Liberty Exhaustion – 6/11/00

Remember back in school, near the end of the semester, when you reached that emotional state where the only thing that kept you going was saying to yourself, “If only I can make it past this final exam, I can survive this”?

That is not unlike how the New York Liberty players were feeling after Friday night’s 56-77 loss to Sacramento.

“It was a horrible game,” said coach Adubato. “We just played the worst game we have ever played since I’ve been here.” Standing outside of the Liberty locker room waiting for the post game player interviews, a reporter whispered, “I don’t want to go in there.”

After the loss to the Mystics last Sunday the locker room had been electric with the player’s anguish and frustration. Five days later, after the loss to the Monarchs, the dominant feeling was profound exhaustion, both physical and emotional. “We’ve got to fight through this,” said Adubato, “and hope that when we have four days of practice right after Washington game that we’ll be able to smooth it out.”

After witnessing the loss to Sacramento, New York fans are hoping the same thing.

The Liberty has always been a team of veterans. In fact, much had been made of the age of the team – one of the oldest in the league. But the fans loved their veterans, and against all odds their veterans had taken them to two Championship finals. For the past three years the ritual introduction of the starting five has been greeted with the roar. Fans knew whom they were cheering for, and for every game it was reassuringly the same: Kym Hampton, Rebecca Lobo, Vickie Johnson and Sophia Witherspoon and Teresa Weatherspoon. The ritual changed slightly when Lobo tore her ACL in the first game last season but, even then, it was the three-year veteran Sue Wicks who stepped into the starting position. One could take comfort in knowing these women had practiced, played and traveled with each other since the 1997 inaugural season. It was that veteran experience that lifted the Liberty to its surprising appearance in the ’99 post-season.

But Lobo’s injury at the beginning of the ’99 season seems to have set off an avalanche of roster changes that has upset the balance of both the team and their fans.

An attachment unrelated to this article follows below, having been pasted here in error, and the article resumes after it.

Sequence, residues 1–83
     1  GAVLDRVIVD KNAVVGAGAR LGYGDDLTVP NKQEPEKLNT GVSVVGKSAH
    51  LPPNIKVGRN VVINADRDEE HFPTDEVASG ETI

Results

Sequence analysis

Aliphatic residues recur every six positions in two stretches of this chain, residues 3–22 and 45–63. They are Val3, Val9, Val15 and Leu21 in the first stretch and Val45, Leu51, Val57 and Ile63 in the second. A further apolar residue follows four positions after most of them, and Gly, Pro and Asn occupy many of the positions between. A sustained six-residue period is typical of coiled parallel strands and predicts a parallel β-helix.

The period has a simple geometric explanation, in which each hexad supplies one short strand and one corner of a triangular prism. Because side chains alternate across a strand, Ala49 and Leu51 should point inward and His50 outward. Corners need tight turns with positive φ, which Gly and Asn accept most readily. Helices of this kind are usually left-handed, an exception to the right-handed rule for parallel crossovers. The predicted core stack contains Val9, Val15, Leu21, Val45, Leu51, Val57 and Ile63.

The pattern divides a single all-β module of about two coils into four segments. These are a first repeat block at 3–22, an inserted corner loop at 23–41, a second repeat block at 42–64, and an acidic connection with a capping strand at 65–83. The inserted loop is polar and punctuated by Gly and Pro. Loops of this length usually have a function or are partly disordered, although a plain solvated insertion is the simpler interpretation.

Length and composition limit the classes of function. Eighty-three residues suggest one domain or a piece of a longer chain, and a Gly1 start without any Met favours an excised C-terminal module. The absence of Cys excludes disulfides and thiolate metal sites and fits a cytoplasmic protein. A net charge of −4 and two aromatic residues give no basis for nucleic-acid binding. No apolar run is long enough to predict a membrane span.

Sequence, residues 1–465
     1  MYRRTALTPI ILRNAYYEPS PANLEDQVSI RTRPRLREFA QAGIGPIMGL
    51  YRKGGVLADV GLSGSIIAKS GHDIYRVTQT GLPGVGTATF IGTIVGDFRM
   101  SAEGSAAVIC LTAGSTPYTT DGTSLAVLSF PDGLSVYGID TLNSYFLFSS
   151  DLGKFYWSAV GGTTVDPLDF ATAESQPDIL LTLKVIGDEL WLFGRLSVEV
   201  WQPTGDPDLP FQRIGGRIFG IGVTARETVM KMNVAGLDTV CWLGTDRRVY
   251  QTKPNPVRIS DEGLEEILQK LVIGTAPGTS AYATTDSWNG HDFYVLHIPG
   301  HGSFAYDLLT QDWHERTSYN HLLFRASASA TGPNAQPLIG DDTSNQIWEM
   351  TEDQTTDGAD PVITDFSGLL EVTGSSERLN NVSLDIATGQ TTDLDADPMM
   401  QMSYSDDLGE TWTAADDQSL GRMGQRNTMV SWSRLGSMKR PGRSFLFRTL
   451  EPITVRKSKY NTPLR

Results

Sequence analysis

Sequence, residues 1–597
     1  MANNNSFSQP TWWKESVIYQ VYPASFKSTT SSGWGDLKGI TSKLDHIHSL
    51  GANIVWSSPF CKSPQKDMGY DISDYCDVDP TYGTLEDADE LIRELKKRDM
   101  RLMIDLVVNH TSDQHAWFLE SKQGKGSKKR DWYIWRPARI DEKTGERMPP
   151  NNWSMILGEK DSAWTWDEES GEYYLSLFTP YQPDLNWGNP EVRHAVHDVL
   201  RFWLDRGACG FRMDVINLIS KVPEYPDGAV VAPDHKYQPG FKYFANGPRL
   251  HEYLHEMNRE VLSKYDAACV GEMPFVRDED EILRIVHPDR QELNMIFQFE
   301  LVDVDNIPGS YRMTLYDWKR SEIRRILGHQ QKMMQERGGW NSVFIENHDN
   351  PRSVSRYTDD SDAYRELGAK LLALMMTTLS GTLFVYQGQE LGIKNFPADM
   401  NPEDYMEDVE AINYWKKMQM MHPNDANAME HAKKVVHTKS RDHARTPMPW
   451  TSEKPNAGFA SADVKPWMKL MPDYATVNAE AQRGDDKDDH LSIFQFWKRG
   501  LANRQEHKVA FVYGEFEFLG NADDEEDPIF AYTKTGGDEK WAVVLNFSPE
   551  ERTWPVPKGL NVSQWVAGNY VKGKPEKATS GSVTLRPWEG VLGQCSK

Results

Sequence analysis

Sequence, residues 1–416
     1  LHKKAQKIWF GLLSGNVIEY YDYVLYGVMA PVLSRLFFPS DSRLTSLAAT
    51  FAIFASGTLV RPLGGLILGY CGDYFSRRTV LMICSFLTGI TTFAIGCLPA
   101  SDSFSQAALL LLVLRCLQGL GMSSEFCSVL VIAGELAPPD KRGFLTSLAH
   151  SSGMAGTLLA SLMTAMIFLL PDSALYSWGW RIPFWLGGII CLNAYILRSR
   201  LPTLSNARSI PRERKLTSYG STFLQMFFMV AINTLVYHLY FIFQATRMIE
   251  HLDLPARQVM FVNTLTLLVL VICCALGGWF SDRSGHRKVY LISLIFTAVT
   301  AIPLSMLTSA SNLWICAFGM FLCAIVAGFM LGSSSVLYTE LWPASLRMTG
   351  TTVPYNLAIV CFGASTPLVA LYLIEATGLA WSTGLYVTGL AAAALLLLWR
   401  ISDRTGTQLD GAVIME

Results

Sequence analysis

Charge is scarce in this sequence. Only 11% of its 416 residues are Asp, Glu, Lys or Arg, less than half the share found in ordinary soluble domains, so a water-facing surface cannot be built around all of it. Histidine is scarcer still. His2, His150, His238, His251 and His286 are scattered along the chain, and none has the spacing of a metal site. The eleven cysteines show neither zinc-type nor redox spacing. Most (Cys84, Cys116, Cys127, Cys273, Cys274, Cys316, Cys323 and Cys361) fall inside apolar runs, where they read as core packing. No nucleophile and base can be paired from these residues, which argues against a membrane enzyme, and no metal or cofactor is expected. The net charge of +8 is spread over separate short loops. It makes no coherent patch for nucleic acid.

By mid-season, former ABL star Crystal Robinson had played herself onto the starting line up, displacing Sophia Witherspoon. By the end of the season, bad knees were forcing Hampton into retirement. December brought the news that Lobo had re-torn her ACL and wouldn’t be available till July, if at all. The expansion draft took Witherspoon, two-year veteran Coquese Washington and rookie Michele VanGorp off the roster. When the active 2000 Liberty roster was released, there were only two of the original starters from the previous year. Half of this year’s players are new to the Liberty.

“Right now we’re not a veteran team,” warned Adubato. “It’s going to take us some time to get these people activated into our team. Especially Marina. Especially Tari. And then (Jessica) Bibby and Shea (Mahoney). We’ve got a lot of young people-new people, so it may be harder to win on the road. But, I think once we’ve go some practice under our belly, I think we have some pretty good talent.”

With the influx of new players, Adubato might have predicted a rough start for the Liberty, but perhaps not this rough. Never a strong road team, they were scheduled to play three of their first eleven games away from Madison Square Garden. Additionally, the WNBA has telescoped the season to accommodate the Sydney Olympics. For the Liberty that has translated into 7 games in 13 days since their season opener in Houston May 29th – only two of which have been in New York.

Other factors in the early season struggles include: a shortened training camp; forward Tamika Whitmore arriving in camp out of shape; the official retirement of center Kym Hampton (May 27th); the late addition of players (free agent Marina Farragut May 27th, Tari Phillips May 28th); the injury to starter Crystal Robinson (May 31st), and the waiving of Venus Lacy (June 2nd).

One wonders if the players are asking the same question fans were at the June 3rd home opener as they checked their game cards against the bodies moving on the Garden floor: “Who are you and what are you doing wearing a Liberty uniform?”

The power of a veteran team is not simply about age or playing time, but about shared experience, chemistry and attitude. And that takes time, which the schedule has not allowed.